07 Jan “What were we thinking?” Successes and lessons learned after going live with our digital preservation program
In a previous post, I announced the Digital Preservation in Libraries: Preparing for a Sustainable Future book that I was privileged to edit and was recently published by ALA Editions. Within this book, I had the opportunity to co-author a chapter with Tawnya Keller.
This chapter, titled “‘What were we thinking?’ Successes and lessons learned after going live with our digital preservation program,” includes a history of digital preservation activities at the Marriott Library, starting in 2008 and going through today. Here is the abstract for this chapter:
The J. Willard Marriott Library at the University of Utah began to seriously investigate preserving its digital assets in 2008 and went live with a digital preservation system (DPS) in 2014. This chapter serves as a case study of the library’s overall digital preservation program, and discusses the investigation into and eventual implementation of the DPS. The installation process, which took more than one year, ended with the library’s in-house developers creating the Submission Information Metadata Packaging (SIMP) Tool, a workflow management tool that changed the way content is ingested into the library’s digital asset management system (DAMS) and DPS. This case study will provide a history of the initial decisions made concerning ingestion workflow, metadata field inclusion, and the prioritization of objects for digital preservation. We will share successes encountered and lessons learned, along with a discussion of how those initial decisions have changed over time as the digital preservation team gained more experience and as the importance of digital preservation grew within the institution. This case study concludes with an outline of the current status of the library’s digital preservation program and an evaluation of the next steps going forward to increase the functionality, sustainability, and trustworthiness of this program.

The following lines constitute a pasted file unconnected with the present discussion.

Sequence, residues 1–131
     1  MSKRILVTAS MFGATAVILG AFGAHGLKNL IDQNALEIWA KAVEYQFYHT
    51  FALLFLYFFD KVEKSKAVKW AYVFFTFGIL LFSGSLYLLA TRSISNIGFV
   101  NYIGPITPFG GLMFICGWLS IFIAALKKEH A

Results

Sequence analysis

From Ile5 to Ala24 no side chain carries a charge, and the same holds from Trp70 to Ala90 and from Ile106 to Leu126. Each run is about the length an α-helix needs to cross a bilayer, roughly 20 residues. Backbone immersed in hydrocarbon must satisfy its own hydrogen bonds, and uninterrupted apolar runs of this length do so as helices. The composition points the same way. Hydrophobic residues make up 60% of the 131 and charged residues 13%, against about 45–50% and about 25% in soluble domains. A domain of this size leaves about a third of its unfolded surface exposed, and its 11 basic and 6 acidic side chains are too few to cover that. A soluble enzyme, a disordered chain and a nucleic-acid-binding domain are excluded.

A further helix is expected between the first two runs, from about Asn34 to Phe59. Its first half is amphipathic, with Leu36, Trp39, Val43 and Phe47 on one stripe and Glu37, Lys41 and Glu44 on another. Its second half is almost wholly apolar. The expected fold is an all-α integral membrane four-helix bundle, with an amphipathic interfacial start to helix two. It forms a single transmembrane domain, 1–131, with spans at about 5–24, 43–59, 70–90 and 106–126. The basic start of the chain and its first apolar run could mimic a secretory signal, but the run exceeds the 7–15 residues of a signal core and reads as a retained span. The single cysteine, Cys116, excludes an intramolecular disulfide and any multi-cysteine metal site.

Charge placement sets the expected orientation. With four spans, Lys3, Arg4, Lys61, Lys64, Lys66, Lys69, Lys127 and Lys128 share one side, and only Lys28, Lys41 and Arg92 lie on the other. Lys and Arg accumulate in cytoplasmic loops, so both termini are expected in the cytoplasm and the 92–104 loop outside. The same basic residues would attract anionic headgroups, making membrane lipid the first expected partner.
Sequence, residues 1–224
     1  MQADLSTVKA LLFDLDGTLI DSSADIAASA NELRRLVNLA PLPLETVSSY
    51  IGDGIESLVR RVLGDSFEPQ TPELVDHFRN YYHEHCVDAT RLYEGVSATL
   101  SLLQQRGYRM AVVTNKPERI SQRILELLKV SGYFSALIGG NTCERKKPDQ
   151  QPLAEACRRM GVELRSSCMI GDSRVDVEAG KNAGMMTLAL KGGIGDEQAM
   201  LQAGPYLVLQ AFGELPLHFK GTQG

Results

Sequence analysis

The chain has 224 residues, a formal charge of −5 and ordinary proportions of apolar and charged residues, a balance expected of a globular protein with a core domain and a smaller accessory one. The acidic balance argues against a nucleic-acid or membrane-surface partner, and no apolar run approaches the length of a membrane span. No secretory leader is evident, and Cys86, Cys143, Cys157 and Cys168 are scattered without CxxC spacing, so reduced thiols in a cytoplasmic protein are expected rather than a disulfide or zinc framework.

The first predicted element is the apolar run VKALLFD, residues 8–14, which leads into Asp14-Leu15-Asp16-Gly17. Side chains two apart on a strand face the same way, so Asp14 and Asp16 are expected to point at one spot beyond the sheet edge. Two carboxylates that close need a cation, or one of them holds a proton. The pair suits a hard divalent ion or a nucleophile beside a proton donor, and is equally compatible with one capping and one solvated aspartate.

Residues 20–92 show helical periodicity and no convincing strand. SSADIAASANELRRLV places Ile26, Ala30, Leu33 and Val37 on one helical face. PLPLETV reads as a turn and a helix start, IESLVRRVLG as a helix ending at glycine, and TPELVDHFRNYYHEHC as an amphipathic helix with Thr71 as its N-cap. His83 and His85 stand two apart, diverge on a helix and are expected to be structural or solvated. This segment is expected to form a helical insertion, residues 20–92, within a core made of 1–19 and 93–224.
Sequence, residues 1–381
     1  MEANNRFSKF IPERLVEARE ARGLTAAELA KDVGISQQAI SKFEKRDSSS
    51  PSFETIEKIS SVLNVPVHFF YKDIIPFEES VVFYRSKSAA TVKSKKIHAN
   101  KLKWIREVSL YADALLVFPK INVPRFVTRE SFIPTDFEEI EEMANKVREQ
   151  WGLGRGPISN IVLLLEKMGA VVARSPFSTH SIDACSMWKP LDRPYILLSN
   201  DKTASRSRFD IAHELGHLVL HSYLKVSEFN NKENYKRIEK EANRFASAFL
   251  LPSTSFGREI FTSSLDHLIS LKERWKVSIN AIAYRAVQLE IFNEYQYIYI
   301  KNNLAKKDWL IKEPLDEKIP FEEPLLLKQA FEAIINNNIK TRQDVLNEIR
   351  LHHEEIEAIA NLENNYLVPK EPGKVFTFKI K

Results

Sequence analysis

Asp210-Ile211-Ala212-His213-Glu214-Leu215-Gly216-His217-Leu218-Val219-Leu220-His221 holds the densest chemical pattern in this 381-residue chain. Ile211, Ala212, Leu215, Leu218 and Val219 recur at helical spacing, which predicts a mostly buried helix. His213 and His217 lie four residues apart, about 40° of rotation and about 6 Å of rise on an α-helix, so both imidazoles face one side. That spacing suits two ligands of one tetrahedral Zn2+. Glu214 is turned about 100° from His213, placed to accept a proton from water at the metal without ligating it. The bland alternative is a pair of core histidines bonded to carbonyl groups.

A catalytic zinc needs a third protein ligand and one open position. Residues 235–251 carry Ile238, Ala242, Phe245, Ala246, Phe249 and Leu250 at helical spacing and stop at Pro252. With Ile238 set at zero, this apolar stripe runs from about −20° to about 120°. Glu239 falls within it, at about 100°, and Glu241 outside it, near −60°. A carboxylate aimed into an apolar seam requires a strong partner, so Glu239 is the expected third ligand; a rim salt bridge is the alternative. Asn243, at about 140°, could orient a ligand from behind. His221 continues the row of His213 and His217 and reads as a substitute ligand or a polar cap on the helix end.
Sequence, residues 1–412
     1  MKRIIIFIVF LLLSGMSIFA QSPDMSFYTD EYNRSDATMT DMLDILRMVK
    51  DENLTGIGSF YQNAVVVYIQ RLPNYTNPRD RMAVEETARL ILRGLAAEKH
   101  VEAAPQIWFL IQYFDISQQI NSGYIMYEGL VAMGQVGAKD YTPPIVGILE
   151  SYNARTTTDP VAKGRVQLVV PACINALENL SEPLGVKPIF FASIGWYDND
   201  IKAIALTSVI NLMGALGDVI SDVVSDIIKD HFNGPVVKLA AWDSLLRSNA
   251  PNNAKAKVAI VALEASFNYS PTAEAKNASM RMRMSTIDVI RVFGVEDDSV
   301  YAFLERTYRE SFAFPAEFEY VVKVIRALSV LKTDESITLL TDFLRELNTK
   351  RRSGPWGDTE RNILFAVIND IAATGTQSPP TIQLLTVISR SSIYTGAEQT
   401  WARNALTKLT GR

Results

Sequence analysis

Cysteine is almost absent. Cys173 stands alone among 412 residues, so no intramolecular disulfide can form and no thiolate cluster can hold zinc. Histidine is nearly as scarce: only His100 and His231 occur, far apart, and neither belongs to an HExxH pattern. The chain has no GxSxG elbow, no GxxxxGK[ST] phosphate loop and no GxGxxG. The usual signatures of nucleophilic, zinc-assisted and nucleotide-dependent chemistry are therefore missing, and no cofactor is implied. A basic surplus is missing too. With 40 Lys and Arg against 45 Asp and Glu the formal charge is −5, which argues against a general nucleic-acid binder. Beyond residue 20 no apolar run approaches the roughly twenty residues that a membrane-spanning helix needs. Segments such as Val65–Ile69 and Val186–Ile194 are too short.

An open access version of this chapter can be found in USpace.